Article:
ANDREW SETA / AFP
K. Barry Sharpless, Ph.D, addresses a room full of reporters and colleagues from the Scripps Research Institute after winning the 101st Nobel Prize in Chemistry on October 10, 2001 in La Jolla, California. Sharpless received this year’s chemistry award along with William S. Knowles of Monsanto and Ryoji Noyori of the University of Nagoya in Japan for developing asymmetric catalytic synthesis. AFP PHOTO / Andrew SILK (Photo by ANDREW SILK / AFP)
SCIENCE – The distribution of the 2022 Nobel Prizes continues. After medicine and physics, the Nobel Prize in Chemistry was awarded this Wednesday 5 October to the American Carolyn R. Bertozzi, the Danish Morten Meldal and the American K. Barry Sharpless .
They are awarded for “the development of click chemistry and bioorthogonal chemistry”. The “click chemistry” is a new form of combining molecules.
This is used in particular to develop pharmaceutical treatments, map DNA or create new materials.
BREAKING NEWS: The Royal Swedish Academy of Sciences has decided to award the #NobelPrize 2022 in Chemistry to Car … https://t.co/QBSaQTdkCs
– The Nobel Prize (@NobelPrize)
At the age of 81, Barry Sharpless is the fifth winner of two Nobel Prizes. She had already won it in 2001. Before him, Marie Curie had obtained physics (1903) then chemistry (1911). Frederick Sanger, the father of DNA sequencing got chemistry (1958) and medicine (1962), John Bardeen who revealed the transistor effect got two Nobel Prizes in physics (1956-1972) and Linus Pauling got chemistry (1954) then peace (1962).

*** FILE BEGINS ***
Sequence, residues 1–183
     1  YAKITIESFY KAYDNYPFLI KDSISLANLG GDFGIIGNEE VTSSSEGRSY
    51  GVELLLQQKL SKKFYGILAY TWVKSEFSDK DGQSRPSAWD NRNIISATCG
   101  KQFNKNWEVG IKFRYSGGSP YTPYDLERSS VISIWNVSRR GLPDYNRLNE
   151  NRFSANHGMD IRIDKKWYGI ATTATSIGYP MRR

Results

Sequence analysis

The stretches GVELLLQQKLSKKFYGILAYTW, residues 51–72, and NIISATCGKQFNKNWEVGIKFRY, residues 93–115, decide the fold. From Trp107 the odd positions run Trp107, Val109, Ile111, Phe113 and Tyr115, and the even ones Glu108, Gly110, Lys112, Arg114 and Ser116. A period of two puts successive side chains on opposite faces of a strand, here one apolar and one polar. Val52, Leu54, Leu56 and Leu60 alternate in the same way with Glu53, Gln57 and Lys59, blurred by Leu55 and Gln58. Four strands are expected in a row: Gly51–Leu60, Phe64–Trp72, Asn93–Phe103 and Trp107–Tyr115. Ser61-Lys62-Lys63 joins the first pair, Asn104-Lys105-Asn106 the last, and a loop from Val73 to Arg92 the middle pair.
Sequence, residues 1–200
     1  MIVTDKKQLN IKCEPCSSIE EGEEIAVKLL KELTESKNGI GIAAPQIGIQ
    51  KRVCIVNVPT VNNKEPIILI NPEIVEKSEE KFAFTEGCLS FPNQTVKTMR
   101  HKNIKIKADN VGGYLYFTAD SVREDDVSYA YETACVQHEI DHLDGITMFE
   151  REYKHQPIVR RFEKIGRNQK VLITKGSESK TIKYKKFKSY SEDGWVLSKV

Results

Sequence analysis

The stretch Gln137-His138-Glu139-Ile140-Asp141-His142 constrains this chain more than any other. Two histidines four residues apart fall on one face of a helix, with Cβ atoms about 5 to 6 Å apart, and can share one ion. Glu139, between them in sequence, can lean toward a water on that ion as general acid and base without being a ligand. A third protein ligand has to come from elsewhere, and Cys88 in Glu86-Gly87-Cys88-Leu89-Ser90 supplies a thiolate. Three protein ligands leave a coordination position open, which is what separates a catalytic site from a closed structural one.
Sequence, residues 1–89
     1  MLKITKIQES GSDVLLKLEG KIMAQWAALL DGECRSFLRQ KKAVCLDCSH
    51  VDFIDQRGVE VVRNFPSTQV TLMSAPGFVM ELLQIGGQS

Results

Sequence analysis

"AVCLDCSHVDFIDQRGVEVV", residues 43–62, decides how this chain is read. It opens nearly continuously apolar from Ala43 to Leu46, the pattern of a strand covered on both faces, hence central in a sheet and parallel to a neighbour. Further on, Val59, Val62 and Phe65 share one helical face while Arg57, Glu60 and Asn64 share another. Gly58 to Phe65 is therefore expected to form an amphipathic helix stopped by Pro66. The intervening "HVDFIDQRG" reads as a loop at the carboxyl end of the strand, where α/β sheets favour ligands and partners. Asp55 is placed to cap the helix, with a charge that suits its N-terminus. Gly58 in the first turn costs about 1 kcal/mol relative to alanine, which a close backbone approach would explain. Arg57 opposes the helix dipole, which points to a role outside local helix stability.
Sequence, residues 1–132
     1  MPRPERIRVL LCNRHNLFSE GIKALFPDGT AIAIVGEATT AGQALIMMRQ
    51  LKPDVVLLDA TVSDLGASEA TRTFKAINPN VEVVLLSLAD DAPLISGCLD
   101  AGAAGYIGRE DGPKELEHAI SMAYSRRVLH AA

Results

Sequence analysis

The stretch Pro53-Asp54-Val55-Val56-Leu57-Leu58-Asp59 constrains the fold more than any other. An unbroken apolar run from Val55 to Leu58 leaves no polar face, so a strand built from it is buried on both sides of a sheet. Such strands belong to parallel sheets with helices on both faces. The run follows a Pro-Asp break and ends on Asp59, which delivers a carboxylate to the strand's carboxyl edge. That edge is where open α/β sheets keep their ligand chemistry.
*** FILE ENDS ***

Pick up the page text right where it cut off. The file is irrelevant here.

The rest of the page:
Ten years of chemistry graduates
Before these three scientists, Here are the names of the ten previous Nobel laureates for their work:
- 2021: Benjamin List (Germany) and David MacMillan (UK) for inventing a new way to produce molecules using a new type of catalyst, at a lower cost and in a cleaner way.
- 2020: Emmanuelle Charpentier (France) and Jennifer Doudna (United States) for the development of “ molecular scissors ” capable of modifying human genes, a revolutionary breakthrough.
- 2019: John Goodenough (United States), Stanley Whittingham (United Kingdom) and Akira Yoshino (Japan) for the invention of lithium-ion batteries, now present in many everyday technologies.
- 2018: Frances H. Arnold (USA), George P. Smith (USA) and Gregory P. Winter (UK) for their work exploiting the mechanisms of evolution to create new and better proteins in the laboratory.
- 2017: Jacques Dubochet (Switzerland), Joachim Frank (United States) and Richard Henderson (Great Britain) for developing cryo-electron microscopy, a revolutionary method of observing molecules coupled with 3D imaging.
- 2016: Jean-Pierre Sauvage (France), Fraser Stoddart (Great Britain) and Bernard Feringa (Netherlands), the fathers of tiny “ molecular machines ” foreshadowing the nanorobots of the future.
- 2015: Aziz Sancar (Turkey / USA), Paul Modrich (USA) and Tomas Lindahl (Sweden) for their work on DNA repair.
- 2014: Eric Betzig (United States), William Moerner (United States) and Stefan Hell (Germany) for improving the microscope, allowing him to see the infinitely small.
- 2013: Martin Karplus (United States / Austria), Michael Levitt (United States / United Kingdom) and Arieh Warshel (United States / Israel) for the development of models for complex chemical systems to optimize catalysts, drugs and photovoltaic cells.
- 2012: Robert Lefkowitz and Brian Kobilka (USA) for their work on receptors that allow cells to understand their environment, a major breakthrough for the pharmaceutical industry.
The next prizes will be awarded according to the following schedule:
- Literature, Thursday 6 October at 1pm
- Pace, Friday 7 October at 11am
- Economy, Monday 10 October at 11:45 am
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